Since 2002, Armenia has been involved in the planning and analysis of the NATO Partnership for peace program, which expands the opportunities for interaction with the Alliance. In 2003, Armenian military personnel participated in the NATO peacekeeping operation as part of a Greek battalion. From 2005 to 2008, a group of Armenian military personnel was in Iraq as part of the NATO mission’s humanitarian tasks. In 2010, Yerevan sent a group of 40 peacekeepers to Afghanistan. Later, the Armenian peacekeeping contingent was increased three times (to 130 people). Yerevan also signed the Individual Partnership Action Plan (IPAP) within the framework of the Euro-Atlantic Partnership Council, which is the basis for further cooperation with the Alliance.
Pashinyan also actively seeks to bring the country closer to the European Union. Armenia, being a member of the Eastern Partnership Program, signed in 2017 with the EU the Comprehensive and Enhanced Partnership Agreement with the EU. If earlier cooperation with the European Union was complementary to Armenia’s membership in the Eurasian Economic Union, after Pashinyan came to power, discussions about leaving the Eurasian economic Union are increasingly promoted among the country’s leadership mainly at the behest of the pro-Western NGOs.
In the recent conflict on the border with Azerbaijan, Yerevan did not resort to the assistance of the CSTO, but stated that in order to achieve peace with Baku, “an international system of reliable monitoring of compliance with the ceasefire regime should be established”. In addition, he claimed that it was necessary to continue negotiations “within the framework of the OSCE Minsk group”, which in addition to Russia includes the United States and France, which are Turkey’s NATO allies.
In turn, the United States is certainly interested in maintaining its influence in South Caucasus. However, Azerbaijan is could be a more valuable partner in the region than Armenia.
Back in 1994, the “Contract of the century” was signed in Baku. It represented a series of agreements for a period of 30 years with a number of major multinational companies for the joint exploitation of oil deposits in the Azerbaijani sector of the Caspian sea. It was signed thanks to the trust placed in the independent state of Azerbaijan by the major world powers. In fact, this event laid the foundation for cooperation between the United States and Azerbaijan, after which Baku became a profitable economic partner of influential Western States, primarily of the United States.
US interests in Azerbaijan are linked to the expansion of influence in the Caspian region, the creation of safe transit zones for transportation and the development of energy resources. For the United States, this task is beneficial from the point of view of energy security, trade, economic and strategic partnership. The potential of Caspian oil and gas could partly offset Europe’s dependence on Russia and directly affect Europe’s security and US obligations within NATO. At the same time, it is obvious that the Americans ‘ interest in the Caspian region is aimed at strengthening regional security, deterring potential rivals, Russia and Iran, and promoting its interests.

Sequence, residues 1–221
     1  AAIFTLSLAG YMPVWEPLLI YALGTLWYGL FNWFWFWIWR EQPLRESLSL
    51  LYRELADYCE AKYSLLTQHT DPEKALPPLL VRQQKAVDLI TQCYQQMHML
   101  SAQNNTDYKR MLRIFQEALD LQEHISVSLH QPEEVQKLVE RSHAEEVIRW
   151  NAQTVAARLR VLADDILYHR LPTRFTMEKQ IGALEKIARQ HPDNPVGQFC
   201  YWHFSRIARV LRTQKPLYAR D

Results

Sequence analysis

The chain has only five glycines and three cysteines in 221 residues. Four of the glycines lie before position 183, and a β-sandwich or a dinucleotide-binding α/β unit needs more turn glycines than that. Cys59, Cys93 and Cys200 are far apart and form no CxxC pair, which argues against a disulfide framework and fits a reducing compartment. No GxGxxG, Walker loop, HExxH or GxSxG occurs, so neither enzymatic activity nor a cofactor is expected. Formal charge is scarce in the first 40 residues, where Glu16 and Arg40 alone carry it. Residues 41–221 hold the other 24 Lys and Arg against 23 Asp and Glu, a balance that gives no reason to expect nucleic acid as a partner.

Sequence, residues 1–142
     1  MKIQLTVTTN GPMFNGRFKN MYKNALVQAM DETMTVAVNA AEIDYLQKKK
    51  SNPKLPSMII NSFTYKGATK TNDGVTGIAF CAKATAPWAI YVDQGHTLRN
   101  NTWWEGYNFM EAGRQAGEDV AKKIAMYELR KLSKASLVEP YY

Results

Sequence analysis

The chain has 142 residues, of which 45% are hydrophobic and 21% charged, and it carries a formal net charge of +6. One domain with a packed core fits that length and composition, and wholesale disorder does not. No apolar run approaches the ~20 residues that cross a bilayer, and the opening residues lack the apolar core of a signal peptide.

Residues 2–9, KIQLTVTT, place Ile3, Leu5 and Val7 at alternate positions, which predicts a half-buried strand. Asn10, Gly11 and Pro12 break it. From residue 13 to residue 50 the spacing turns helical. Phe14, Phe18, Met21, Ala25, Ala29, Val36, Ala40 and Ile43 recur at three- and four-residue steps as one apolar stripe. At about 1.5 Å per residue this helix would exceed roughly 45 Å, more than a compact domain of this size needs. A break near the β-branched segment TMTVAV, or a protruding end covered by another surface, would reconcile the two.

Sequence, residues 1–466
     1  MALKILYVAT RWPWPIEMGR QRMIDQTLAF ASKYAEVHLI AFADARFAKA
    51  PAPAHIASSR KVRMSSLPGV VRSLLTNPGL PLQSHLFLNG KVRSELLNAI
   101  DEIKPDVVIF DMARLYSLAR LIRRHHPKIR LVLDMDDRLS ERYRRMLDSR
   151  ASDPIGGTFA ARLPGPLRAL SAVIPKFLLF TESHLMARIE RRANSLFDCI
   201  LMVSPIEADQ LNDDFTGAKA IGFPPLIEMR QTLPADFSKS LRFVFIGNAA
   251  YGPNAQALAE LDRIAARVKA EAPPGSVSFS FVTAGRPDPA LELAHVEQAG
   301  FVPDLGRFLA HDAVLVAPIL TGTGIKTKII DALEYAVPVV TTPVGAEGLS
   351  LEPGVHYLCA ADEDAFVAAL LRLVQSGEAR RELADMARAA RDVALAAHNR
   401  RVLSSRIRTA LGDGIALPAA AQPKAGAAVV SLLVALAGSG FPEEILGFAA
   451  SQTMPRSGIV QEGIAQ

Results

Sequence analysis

Armenia’s nationalist foreign policy is very similar to the developments in Ukraine in 2013. Despite the Armenian population’s claim of fraternity with the Russian people, the country’s leadership is leading it not only to lose its main partner in the international arena, but also to sacrifice its national interests to the dream of potential European integration.
The chosen course is not profitable for Armenia even in the short term, because western countries will not help Yerevan in today’s conflict and will certainly not oppose Azerbaijan, which is supported by Turkey. At the same time, given the involvement of the OSCE Minsk group in the conflict, where France has a special influence, it is possible that the tension on the Armenian-Azerbaijani border may continue for a long period. It is likely that the West, for example France, is interested in escalating the conflict, because it distracts Erdogan from military operations in Libya, where the Turkish-backed Government of National Unity is actively preparing for a battle with the Libyan National Army for control of the city of Sirte. At the same time, France tacitly supports Haftar, who heads the LNA. Thus, Nikol Pashinyan is ready to sacrifice the national interests of the country, its security, as well as the lives of its own citizens to realize the short-term interests of aliens.